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The Cult for Growth
It is a peculiar thing, the terror with which inhabitants of early 21st-century America crawl into bed each night, uncertain if they will awake the next morning to an economy still growing. It is Growth to which they owe their prosperity, they believe, and Growth on which they must pin their hopes for their children. Yet they cannot see this Growth, nor hold it in their hands. They know not from whence it comes, nor how, nor why—only that its spirit surrounds them and shapes the course of their lives. From within ivory towers dotting the landscape, marble temples clustered in the Capital, and the pages of the Wall Street Journal, a powerful priesthood sets forth the precepts by which a pro-Growth society must live, measures the amount of Growth that has occurred, and predicts the amount to come.
In this week’s Compass Point, Marginal Prophets, Matthew Walther turns his perceptive gaze to the “magical thinking” of neoliberalism, and brings along a delightful guide: 19th-century anthropologist James Frazer, author of The Golden Bough and keen observer of humanity’s superstitious traditions and priestly castes. Economics may not do a very good job explaining what goes on in our world, but Frazer explains surprisingly well what goes on in economics. And we are fortunate to have Walther to explain Frazer:
It is Frazer who shows us how these shamans rule by fear—of failed harvests and rising unemployment, or disturbances in various auras such as total factor productivity. When deliverance is delayed, they “lure the weary enquirer, the footsore seeker, on through the wilderness of disappointment in the present by their endless promises of the future,” which turns out to be algorithm-driven digital entertainment and cannabis dispensaries.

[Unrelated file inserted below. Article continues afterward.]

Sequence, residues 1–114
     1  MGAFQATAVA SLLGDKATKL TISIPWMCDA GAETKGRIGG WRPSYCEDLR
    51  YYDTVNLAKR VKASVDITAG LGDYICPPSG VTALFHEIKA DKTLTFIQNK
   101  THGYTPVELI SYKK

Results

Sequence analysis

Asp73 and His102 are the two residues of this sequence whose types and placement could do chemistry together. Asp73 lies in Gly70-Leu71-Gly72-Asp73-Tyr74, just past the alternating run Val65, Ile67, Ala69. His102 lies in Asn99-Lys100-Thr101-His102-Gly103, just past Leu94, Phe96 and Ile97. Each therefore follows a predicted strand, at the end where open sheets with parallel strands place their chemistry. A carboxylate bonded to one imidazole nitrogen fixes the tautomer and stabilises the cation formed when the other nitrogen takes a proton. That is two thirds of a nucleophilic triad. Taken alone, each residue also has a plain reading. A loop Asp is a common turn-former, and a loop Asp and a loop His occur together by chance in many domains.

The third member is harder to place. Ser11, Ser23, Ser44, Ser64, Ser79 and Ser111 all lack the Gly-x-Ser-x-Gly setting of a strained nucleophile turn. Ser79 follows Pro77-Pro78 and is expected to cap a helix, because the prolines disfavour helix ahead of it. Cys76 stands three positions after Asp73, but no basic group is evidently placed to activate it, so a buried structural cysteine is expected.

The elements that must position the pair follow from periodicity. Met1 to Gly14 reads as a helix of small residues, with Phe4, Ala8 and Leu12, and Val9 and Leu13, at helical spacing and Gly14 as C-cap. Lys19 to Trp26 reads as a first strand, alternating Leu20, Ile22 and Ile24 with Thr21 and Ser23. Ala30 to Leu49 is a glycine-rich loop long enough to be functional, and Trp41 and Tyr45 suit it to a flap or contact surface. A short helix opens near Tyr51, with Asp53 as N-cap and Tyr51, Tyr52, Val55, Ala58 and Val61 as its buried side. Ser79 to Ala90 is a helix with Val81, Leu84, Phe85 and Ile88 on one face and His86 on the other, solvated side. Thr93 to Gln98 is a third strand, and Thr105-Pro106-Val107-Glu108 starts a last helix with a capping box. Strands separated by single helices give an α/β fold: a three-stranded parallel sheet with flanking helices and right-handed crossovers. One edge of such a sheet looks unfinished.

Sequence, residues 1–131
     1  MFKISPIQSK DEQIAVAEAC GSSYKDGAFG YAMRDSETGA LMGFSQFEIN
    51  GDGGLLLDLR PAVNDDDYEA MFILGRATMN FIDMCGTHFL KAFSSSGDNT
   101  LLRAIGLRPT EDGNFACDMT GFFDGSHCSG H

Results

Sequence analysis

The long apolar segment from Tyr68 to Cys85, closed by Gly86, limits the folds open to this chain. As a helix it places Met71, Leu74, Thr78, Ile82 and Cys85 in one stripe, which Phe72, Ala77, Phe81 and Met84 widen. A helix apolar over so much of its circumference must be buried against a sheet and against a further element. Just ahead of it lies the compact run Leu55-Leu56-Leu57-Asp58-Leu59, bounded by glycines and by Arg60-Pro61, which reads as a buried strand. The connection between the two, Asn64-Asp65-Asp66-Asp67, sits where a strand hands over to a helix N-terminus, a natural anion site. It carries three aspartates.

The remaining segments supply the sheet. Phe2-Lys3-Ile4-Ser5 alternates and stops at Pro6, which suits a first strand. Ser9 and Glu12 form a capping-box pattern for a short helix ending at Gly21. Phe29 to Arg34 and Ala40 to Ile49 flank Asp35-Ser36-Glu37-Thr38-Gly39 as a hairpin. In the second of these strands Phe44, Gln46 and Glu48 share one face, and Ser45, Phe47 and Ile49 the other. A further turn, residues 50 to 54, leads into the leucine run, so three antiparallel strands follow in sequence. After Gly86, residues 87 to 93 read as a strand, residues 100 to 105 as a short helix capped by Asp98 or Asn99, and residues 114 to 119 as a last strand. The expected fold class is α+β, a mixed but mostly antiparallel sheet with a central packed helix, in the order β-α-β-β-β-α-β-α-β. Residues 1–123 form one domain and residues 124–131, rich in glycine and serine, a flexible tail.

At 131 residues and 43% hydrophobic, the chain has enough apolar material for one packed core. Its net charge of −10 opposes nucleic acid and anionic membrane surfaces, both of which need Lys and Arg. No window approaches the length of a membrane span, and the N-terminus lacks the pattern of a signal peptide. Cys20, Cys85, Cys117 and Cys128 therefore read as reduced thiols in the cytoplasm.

After reading Walther, it is impossible not to see the telltale signs of magic wherever one looks in the contemporary economic discourse—Wall Street Journal editorials claiming vindication in every positive economic trend while blaming every disappointment on insufficient adherence to their fundamentalism, whitepapers offering ten-year estimates of GDP growth to the decimal point, the remarkable degree to which purportedly scientific assessments turn on “confidence” and “uncertainty” and “expectations.” At least John Maynard Keynes had the decency to admit his theory relied upon “animal spirits.”
Of course, economists and their craft have an important role to play in policymaking and governance. But to play that role constructively, both they and their audience must understand the quite limited nature of their powers.
Read Marginal Prophets.Return to the Commons
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